Triciribine Drug Able to Halt Progression of Pulmonary Fibrosis and Pulmonary Hypertension in Mice
Researchers at the University of Georgia and the Georgia Regents University discovered that the drug triciribine can halt the progression of fatal respiratory diseases like pulmonary fibrosis and pulmonary hypertension. The study was recently published in the British Journal of Pharmacology and is entitled “Akt inhibitor, triciribine, ameliorates chronic hypoxia-induced vascular pruning and TGFβ-induced pulmonary fibrosis.”
Pulmonary fibrosis is a progressive fatal lung disease in which the alveoli and the lung tissue are damaged, becoming thick and scarred (fibrosis), leading to severe breathing difficulties and compromising oxygen transfer between the lungs and the bloodstream. The disorder is characterized by a shortness of breath that gradually worsens, with respiratory failure being the main cause of death associated with it. There is no cure and it is estimated that almost 130,000 individuals in the United States suffer from pulmonary fibrosis. The disease has a poor prognosis and around two-thirds of the patients die within five years after being diagnosed.
Pulmonary hypertension is a life-threatening condition characterized by the increase of blood pressure in the pulmonary arteries that supply blood to the lungs, leading to inflammation, increased pulmonary vascular resistance and gradual occlusion of pulmonary vessels. Pulmonary hypertension can cause difficulties in breathing, right-sided heart failure and eventually death. Overall, patients with this disorder have a poor prognosis. Pulmonary hypertension is estimated to affect 15 to 50 individuals per million people.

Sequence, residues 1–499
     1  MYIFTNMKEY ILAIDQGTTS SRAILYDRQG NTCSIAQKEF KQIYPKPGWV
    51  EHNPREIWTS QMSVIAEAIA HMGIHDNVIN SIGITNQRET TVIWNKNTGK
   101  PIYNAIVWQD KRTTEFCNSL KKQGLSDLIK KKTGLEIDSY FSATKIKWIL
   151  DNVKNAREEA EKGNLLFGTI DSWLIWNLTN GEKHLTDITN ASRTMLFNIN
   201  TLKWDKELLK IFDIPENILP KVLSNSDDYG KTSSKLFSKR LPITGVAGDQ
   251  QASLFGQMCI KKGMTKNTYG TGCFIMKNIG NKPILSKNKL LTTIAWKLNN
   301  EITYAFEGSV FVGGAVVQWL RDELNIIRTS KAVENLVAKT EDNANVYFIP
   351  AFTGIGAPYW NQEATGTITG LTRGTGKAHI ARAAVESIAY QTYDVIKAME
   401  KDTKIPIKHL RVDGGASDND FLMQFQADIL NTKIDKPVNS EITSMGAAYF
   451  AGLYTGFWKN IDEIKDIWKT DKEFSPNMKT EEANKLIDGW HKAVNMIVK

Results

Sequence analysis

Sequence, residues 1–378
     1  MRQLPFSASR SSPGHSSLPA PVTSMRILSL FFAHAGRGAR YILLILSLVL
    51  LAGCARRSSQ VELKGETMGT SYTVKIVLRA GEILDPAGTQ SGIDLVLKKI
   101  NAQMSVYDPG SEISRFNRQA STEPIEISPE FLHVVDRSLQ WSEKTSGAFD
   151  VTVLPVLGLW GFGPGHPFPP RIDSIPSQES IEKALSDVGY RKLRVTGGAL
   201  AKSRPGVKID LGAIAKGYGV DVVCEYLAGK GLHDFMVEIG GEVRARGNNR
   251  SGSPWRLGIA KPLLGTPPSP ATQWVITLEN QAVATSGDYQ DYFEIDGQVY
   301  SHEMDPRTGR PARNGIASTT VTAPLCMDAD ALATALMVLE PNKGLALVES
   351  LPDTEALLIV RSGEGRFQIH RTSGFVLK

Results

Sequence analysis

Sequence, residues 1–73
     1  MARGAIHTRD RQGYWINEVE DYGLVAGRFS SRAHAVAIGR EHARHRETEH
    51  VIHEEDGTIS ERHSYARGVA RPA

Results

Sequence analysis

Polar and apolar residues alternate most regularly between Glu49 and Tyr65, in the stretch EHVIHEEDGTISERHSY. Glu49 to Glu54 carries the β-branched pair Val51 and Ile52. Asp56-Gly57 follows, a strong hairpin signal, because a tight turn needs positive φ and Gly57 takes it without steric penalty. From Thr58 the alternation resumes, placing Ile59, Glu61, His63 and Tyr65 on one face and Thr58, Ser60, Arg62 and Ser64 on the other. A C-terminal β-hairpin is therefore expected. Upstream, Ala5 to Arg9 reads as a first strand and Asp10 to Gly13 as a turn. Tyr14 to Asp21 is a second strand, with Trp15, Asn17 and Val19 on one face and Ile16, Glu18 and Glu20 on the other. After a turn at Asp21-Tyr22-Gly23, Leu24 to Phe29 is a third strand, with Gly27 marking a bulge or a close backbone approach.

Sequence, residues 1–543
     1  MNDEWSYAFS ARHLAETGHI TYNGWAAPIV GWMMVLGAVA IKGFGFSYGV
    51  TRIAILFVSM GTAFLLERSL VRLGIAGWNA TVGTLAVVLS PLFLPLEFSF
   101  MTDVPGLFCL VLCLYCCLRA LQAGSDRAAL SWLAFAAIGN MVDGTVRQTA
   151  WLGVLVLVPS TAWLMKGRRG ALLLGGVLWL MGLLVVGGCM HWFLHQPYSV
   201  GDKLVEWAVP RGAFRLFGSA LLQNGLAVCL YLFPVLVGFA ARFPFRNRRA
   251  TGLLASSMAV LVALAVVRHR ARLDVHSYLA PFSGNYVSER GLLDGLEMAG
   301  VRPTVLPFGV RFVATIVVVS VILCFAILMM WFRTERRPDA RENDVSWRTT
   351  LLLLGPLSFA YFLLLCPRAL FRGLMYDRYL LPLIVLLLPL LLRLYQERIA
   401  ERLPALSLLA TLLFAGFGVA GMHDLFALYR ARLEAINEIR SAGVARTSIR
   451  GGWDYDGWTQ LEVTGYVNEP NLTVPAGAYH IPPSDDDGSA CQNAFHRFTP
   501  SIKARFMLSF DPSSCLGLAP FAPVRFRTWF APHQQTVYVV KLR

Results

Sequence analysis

“The average life expectancy for people with these diseases is only about five years after diagnosis, and while the drug treatments we currently have may help improve quality of life, they don’t reduce mortality,” noted the study’s senior author Dr. Somanath Shenoy in a news release. “Our tests show that treatment with triciribine can halt disease progression and may even reverse some of the damage to lung tissue.”
Triciribine inhibits the production of a protein called Akt1, which is involved in the development of myofibroblasts, cells that migrate to the injured sites and help in the wound healing process. The deregulation of myofibroblasts leads to tissue scarring, fibrosis and the loss of functional blood vessels in the lungs.
In the study, the team tested the therapeutic benefit of triciribine using mouse models of pulmonary hypertension and pulmonary fibrosis. When mice exhibited symptoms of the disease, they were injected once daily with triciribine for a period of three weeks.
Researchers found that the typical scarring and loss of lung vasculature was slowed in the mice tested and that, remarkably, the lung tissue of some of the animals began to return to normal. Using genetically modified mice without the Akt1 pathway, researchers found that none of the animals developed disease symptoms, further indicating that Akt1 is the primary cause of the disease.
“To our knowledge, this is the first direct evidence that Akt1 causes disease onset and progression of pulmonary fibrosis and pulmonary hypertension,” emphasized Dr. Shenoy. “We have also tested this process in human cells taken from diseased lung tissue, and we see very similar results.”
The team emphasizes, however, that these are preliminary results and that more tests need to be performed before triciribine’s efficacy can be evaluated in humans. In this case, triciribine could be formulated as an oral drug avoiding the need for daily injections.
“We still need to identify the downstream effects of Akt1 inhibition to see if there are any negative side effects,” concluded Dr. Shenoy. “But if these tests go well, we hope to begin human trials within the next three to five years.”